Resistance is the opposition to the flow of electric current in a material. It is measured in Ohms and is affected by the material's physical properties. Impedance, on the other hand, is the total opposition to the flow of current in a circuit, taking into account both resistance and reactance caused by inductance and capacitance.

## How are resistance and impedance related?

Resistance and impedance are related in the sense that both measure the opposition to the flow of electric current. However, impedance takes into account the effects of inductance and capacitance, making it a more comprehensive measurement of the total opposition in a circuit.

## Which one is more important in circuit analysis?

It depends on the specific application and the components involved. In simple circuits with only resistors, resistance is the primary factor to consider. However, in more complex circuits with inductors and capacitors, impedance becomes a crucial factor in analysis.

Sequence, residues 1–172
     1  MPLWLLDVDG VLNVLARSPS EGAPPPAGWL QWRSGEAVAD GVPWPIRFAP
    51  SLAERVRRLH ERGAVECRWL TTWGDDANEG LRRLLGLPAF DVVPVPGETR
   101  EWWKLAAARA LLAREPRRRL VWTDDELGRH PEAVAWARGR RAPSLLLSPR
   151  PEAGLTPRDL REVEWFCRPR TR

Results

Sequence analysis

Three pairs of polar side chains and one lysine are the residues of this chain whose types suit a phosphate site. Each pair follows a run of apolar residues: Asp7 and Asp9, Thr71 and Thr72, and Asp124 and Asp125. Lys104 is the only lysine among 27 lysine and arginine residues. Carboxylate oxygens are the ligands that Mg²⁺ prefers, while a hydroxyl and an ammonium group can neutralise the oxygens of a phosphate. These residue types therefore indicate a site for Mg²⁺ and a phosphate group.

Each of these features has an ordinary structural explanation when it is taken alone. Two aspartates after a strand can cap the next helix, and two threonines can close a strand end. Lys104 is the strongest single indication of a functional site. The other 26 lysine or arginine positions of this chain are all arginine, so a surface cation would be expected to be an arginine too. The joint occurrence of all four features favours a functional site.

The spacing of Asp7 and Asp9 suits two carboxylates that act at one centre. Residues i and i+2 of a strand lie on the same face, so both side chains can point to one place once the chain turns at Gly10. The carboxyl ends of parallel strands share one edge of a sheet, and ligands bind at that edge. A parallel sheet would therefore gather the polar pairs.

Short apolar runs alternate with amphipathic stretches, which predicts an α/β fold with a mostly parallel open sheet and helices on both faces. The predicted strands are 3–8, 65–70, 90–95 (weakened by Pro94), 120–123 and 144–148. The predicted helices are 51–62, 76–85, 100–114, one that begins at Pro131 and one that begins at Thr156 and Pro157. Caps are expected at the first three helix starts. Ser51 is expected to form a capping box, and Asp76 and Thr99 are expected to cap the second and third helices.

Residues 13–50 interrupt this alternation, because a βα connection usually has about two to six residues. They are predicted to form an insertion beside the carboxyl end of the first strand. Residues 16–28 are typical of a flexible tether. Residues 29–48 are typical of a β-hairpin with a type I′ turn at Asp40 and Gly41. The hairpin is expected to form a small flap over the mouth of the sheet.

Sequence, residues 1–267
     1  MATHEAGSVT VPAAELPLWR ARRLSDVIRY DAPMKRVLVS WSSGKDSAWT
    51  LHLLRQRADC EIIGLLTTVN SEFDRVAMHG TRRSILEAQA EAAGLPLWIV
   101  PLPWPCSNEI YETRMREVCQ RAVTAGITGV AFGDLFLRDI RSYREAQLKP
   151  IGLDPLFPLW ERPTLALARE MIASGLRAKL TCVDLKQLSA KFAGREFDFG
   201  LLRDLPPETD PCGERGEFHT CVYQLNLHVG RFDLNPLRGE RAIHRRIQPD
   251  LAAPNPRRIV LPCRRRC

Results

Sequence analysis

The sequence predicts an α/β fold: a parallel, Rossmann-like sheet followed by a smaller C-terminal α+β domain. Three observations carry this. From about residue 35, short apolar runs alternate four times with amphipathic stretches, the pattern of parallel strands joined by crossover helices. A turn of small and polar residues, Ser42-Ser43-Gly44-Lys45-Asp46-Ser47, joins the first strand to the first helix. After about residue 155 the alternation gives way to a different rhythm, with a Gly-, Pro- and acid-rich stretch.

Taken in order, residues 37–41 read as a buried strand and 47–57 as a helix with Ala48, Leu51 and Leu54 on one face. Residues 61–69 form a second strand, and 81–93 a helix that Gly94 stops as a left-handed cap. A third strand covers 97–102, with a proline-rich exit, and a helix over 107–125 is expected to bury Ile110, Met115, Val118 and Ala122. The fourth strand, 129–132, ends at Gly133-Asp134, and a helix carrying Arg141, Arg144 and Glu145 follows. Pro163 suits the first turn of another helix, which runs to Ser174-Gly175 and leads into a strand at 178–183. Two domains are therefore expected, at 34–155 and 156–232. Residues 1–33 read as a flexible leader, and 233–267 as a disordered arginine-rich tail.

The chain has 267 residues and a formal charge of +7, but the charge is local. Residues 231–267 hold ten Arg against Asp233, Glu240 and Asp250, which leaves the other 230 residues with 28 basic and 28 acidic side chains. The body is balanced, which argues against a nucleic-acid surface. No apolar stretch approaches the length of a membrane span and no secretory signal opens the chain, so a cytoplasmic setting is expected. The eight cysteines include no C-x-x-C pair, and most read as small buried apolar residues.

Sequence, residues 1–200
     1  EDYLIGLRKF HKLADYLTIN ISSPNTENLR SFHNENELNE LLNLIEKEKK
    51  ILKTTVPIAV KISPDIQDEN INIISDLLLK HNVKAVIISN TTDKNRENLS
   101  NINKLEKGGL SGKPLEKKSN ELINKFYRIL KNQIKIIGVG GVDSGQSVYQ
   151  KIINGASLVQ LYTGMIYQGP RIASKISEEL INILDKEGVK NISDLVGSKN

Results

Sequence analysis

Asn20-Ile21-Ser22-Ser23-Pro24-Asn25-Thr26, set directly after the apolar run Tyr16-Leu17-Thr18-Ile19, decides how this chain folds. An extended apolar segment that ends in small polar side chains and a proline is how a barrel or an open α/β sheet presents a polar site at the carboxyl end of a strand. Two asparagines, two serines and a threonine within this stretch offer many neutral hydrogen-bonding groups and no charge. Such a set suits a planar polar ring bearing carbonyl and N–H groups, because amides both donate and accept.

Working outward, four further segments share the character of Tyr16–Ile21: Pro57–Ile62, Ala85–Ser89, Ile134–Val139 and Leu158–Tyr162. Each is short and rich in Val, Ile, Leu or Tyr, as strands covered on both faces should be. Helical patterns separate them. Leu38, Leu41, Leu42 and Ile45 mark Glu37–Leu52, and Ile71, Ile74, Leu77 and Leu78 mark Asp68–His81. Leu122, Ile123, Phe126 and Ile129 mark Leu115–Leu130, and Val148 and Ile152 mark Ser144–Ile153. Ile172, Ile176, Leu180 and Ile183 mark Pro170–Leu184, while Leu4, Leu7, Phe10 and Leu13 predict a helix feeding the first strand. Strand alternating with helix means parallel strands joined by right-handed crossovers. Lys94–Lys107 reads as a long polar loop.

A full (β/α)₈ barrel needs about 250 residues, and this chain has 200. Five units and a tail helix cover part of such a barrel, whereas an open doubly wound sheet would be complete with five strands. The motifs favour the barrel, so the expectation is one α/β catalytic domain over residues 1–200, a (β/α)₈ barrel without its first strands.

## Can resistance and impedance be the same value?

Yes, in certain cases, resistance and impedance can have the same value. This occurs in purely resistive circuits where there is no inductance or capacitance present. In this scenario, the impedance is equal to the resistance.

## How do you calculate impedance?

Impedance can be calculated using Ohm's Law, where impedance (Z) is equal to the ratio of voltage (V) to current (I). It can also be calculated using the Pythagorean theorem, where impedance is the square root of the sum of the squares of resistance (R) and reactance (X). The formula for this is Z = √(R²+X²).